Why Serve 2010: What's color got to do with it?
I struggle with the idea of segregated events, whether on account of race or culture, gender or age. The body segmented is always incomplete. I felt that pain most acutely a few weeks before the conference as I called to inform an excited young man that he, a self described “caucasian” male, was not the target audience for the event. He was more than gracious about it, even as I clumsily asked him whether he identified as a person of color and explained to him the nature of the event, a collaborative venture between the four ethnic ministry desks of the Episcopal Church: Black Ministries, Asian Ministries, Native/Indigenous Ministries and Hispanic/Latino Ministries. He hung up a little disappointed-sounding and, rightfully, a little put out about the confusion. Where is the vocational discernment conference for him? For all young adults?
The answer, in the end, is two fold. First, our hope is that dioceses might like what it is we have done with this event and replicate it in a local context for all young adults. Some already are doing similar things. I think specifically of Vocare in dioceses like the Central Gulf Coast or pilot discernment programs in places like Atlanta and Upper South Carolina. Our hope is that with the hire of the new officer for Young Adult Discernment and Vocation (a joint position between our office and the Office of Transition Ministry) these efforts will be brought to a higher profile and linked more concretely with one another to hold discernment up as a priority in our work with young adults.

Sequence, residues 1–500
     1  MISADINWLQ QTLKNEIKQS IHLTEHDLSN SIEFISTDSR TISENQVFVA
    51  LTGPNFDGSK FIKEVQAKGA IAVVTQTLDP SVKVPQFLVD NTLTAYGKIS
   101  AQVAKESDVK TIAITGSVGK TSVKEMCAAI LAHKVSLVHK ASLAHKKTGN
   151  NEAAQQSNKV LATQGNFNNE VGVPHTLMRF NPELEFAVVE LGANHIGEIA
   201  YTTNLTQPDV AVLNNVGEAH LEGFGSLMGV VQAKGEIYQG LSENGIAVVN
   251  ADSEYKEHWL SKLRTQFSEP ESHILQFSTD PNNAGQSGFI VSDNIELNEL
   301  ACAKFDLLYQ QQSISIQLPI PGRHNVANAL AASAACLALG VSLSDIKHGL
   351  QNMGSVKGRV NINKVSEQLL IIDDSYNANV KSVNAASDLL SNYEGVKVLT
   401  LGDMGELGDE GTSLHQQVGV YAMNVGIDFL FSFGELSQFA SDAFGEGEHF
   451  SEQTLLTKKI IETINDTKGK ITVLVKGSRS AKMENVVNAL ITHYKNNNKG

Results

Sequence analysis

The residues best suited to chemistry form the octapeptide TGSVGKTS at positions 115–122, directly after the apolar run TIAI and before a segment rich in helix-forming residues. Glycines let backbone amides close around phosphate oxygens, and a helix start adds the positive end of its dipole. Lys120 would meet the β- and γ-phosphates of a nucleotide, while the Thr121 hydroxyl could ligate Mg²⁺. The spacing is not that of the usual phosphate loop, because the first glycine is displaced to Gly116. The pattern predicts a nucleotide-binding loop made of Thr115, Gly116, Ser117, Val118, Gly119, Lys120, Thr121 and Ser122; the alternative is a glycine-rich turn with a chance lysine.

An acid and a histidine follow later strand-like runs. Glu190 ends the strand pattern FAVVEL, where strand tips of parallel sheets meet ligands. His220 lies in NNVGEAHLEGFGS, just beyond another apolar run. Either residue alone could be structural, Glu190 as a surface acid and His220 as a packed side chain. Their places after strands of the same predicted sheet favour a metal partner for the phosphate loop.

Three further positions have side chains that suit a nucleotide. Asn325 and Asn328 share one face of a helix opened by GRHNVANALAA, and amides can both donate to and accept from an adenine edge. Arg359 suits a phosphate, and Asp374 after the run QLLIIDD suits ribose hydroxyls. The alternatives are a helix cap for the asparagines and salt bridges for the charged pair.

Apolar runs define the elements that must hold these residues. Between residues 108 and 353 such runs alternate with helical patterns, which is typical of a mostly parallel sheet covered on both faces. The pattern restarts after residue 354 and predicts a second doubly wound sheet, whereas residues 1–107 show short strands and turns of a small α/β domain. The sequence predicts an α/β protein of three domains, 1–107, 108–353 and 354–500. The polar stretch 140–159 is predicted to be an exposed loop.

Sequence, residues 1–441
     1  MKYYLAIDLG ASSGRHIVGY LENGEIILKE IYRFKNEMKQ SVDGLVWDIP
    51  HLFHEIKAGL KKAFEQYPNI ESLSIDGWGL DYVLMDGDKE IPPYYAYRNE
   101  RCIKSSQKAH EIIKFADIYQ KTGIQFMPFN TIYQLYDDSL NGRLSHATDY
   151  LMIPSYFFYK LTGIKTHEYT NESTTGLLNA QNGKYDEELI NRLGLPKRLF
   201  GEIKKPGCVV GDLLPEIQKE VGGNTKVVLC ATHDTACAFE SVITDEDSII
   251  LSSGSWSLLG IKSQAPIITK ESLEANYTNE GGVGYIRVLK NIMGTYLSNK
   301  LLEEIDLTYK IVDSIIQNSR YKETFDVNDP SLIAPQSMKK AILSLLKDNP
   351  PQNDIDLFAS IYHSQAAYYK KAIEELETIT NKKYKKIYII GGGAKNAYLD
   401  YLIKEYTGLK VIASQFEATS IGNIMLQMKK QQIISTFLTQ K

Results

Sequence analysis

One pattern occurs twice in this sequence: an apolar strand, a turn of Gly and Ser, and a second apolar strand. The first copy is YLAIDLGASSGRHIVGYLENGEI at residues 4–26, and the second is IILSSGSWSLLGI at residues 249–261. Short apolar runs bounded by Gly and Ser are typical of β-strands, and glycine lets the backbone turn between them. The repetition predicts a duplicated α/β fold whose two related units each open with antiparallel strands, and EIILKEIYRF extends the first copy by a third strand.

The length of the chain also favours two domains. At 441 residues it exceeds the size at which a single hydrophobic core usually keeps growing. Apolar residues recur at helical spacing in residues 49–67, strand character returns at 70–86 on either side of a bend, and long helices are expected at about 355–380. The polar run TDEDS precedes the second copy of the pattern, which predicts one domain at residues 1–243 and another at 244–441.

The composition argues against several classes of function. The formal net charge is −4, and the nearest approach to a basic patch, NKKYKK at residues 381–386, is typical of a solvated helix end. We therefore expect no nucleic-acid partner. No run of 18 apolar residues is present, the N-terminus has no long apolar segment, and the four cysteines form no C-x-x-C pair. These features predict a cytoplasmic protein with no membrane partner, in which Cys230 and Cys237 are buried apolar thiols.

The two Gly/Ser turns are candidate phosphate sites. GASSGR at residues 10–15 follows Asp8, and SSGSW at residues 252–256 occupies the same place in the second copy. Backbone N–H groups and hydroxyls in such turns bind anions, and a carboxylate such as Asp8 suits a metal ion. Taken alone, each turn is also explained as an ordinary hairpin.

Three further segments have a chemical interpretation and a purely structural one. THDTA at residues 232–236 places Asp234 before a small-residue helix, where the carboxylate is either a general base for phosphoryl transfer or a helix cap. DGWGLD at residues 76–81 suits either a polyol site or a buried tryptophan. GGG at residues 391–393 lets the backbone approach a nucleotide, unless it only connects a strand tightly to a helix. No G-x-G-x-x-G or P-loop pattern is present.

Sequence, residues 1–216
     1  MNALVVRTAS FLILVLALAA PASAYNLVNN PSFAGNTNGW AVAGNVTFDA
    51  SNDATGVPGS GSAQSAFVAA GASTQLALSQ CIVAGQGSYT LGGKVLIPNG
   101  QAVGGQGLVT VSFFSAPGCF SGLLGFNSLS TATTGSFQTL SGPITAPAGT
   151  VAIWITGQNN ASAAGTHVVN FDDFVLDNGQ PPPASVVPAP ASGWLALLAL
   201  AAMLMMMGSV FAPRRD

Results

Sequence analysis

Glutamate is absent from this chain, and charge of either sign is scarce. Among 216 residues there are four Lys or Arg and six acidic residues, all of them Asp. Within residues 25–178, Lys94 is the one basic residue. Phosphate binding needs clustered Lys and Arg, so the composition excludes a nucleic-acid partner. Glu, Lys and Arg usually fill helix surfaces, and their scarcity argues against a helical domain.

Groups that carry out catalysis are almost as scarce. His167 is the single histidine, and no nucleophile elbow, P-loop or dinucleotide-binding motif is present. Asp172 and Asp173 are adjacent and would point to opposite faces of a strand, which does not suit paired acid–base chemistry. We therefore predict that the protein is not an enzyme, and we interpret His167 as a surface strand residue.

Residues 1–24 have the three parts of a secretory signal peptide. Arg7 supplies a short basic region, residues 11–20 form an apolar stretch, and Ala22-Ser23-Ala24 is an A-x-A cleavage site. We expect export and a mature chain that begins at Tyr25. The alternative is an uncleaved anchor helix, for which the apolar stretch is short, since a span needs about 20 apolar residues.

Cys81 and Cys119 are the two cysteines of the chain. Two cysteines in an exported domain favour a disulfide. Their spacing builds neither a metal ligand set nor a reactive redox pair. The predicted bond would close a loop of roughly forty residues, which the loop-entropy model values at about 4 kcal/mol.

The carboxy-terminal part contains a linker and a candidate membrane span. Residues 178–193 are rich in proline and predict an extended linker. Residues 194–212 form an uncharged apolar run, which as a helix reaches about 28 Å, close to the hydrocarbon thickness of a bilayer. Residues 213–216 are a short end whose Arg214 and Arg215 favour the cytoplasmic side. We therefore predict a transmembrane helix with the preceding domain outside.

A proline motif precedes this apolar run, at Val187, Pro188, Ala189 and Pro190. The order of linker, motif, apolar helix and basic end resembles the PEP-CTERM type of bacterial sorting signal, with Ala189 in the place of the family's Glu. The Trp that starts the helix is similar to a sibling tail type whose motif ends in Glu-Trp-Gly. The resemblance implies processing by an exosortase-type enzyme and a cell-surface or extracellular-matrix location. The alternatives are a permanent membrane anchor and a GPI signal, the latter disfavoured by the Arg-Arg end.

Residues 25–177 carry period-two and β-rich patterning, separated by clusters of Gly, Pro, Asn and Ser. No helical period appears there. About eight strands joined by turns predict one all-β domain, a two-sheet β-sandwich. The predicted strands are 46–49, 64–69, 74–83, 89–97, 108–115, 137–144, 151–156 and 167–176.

The second part of the answer to why JUST young adults of color has to do with a history that has continually redefined its understanding of the inclusive love of God in ever more far-reaching and yet ever-incomplete circles of the “sacred.” We have unwittingly in our past (and even at present) erased entire populations through our short-sightedness, and there is healing of the body to be done. The segregated event is not the end-goal, but we believe the rupture must be examined from all angles if it is to be healed. We belong to a historically white church and the work of full inclusion, the work of raising up all members of the body, will not happen overnight. Events like this are necessary stepping stones as we move toward a healed body, spaces where the specific concerns of smaller groups within the body can be heard and addressed.
I believe very strongly in the work of the Ethnic Ministry desks, because I believe that, like ministry with young adults, they insist that the gospel, and even the gospel as interpreted by the history of the Episcopal Church is not so culturally bound as we assume, that God can do bigger things with it than just passing it down to our own cultural heirs.
I left this event with a lot of hope and a lot of uncertainty. I found myself strengthened and challenged, having found in it even a small bit of greater clarity around where our office is being called by the Spirit and by young adults themselves. I walked away with some new partners in that work. As a half-Latino, half white young man, raised in a black neighborhood in a Mexican town, my cultural placement is as specific and as narrow as anyone else’s, but over this weekend, I believe we glimpsed, together, what the spirit is doing anew in the many diverse corners of the church, and what our visions together mean for the church as a whole and the Spirit’s work in the world.
Filed under: Why Serve